“Do you have good toys?” her daughter asked me in 1988 when I went over to introduce myself and see if our new neighbors needed a hand, or someone to entertain their little one while they directed the movers. Yes, we had good toys. But over the years we came to have something better, rarer even — good neighbors who became family. Our block will be emptier, but not so my heart, nor the friendship bank.
Still and all, I shall miss my neighbor so.
This pretty cup, one of a set of four, Shelby surprised me with one day.
This brought me to tears. I’ve been blessed to have a couple of wonderful neighbor-friends like this. As you so sweetly noted, neighbors like Shelby are more like family, and I believe your dear Shelby will be part of your life in some way forever. Still, I can only imagine how much you will miss her! Hugs.
We will always be a part of one another’s lives. Just have to transform it.
What a beautiful message. If only we could all find a friendship like the one shared by you and Shelby.
Thank you, Kim. It is indeed a rare blessing.
So sweet! I love “put it in the friendship bank.”
Isn’t that a great one!
Oh Debra-I am weeping for your loss of physical closeness with my sweet sister. Thank you for giving me a picture of her that is different and yet the same as mine. She is MY hero!
Oh Annie. And what I didn’t even mention are the three Salmon sisters whom I have
come to know and love over the years, too.
What a wonderful connection you two share! It is great news that you will continue to see each other and communicate in other ways.
My dear former next door neighbor, Ben, moved to San Diego almost three years ago to be near one of his sons after his lovely wife of approximately 60 years passed away. Ben, Shirley and I were good neighbor friends and there was even more contact between us after Shirley died and Ben was alone. I would have Ben over for dinner and he would take my son, Jared, and I out to restaurants. Shirley was the computer person in the family, so with her loss came the loss of computer access in Ben’s home. I printed his boarding pass each time he traveled and I was happy to do it. Jared fixed every technological glitch that occurred with his TV and other eletronic devices.
I felt a sincere loss when he moved, but I understood it. The move did not disrupt our friendship, it simply changed it. We continued to talk on the telephone about once a month, which allowed us to keep up with each other’s lives.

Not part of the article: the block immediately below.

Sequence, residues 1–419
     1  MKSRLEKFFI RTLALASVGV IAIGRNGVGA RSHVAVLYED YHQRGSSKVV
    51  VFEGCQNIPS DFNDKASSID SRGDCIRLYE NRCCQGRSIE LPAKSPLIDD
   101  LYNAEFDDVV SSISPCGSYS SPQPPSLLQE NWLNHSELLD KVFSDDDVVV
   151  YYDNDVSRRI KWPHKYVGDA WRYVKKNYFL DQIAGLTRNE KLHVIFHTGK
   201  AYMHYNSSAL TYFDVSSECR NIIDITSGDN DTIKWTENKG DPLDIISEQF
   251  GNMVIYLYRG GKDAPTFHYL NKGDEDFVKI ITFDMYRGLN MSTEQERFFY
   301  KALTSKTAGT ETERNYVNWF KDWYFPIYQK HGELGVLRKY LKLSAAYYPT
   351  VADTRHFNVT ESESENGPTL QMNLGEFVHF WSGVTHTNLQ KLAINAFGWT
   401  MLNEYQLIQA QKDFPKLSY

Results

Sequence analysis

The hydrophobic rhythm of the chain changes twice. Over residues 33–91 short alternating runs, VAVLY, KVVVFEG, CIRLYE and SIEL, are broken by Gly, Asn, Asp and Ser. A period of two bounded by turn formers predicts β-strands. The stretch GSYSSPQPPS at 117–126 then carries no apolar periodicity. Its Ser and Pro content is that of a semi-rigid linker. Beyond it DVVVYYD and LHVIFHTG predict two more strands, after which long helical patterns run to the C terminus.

I last spoke with Ben in early May. At the very beginning of June I learned he passed away at the age of 92. He learned he had an agressive form of lung cancer after we last spoke and three weeks later he was gone. I am thankful for the friendship we had while we shared a lot line and then were connected by phone lines and I miss him dearly. Just as with your neighbor’s love being stronger than her hurt, I am pained by the loss of Ben, but so happy that we were a part of each other’s lives. I felt the same with Shirley, as well, but it has been more emotional with both of them now gone.
We will indeed continue to see each other and use every means possible (save carrier pigeon) to stay in touch.
What a beautiful tribute of a wonderful relationship between you and Shelby. Being the across the street neighbor for years, I loved watching your friendship, and that of your families, develop and grow into something so special. In spite of the distance, it will continue, and you will find many ways to share much together in the future.
Ironically, one of my dearest friends to this day lived in your home before the Chamblises, as you know. They only lived there for 3 years before moving to Philadelphia, but we became very close as couples and families in those few short years. After the move, we continued to talk and visit each other’s homes often. Since then we have traveled together, shared the joys of children’s weddings, the sadness of family losses, etc., etc. And guess what? Many, many years later, we both have homes in the Savannah area, so we see each other often and are now enjoying each other’s gandchildren. One never knows what the future will bring, and I know you and Shelby will remain very close.
Kay, what beautiful story and how amazing that you and the Gales now live near one another in Savannah! I remember when they came back to visit one year. Something about this block.
I just told Shelby that we will be sharing notes of grandchildren (once I can catch up!)
Debra – I remember thinking after the last wedding, when will I be able to see you again. I thought it would be while visiting Shelby and taking TJ to Northern Michigan, however, Maine has changed that plan. I hope that we will get the opportunity to see you, even without my aunt and uncle in Michigan. We leave to take TJ to NMU on the 22nd, they close on their house while we are dropping TJ off…timing really is everything.
Thank you for sharing the stories, I am glad to have the memories.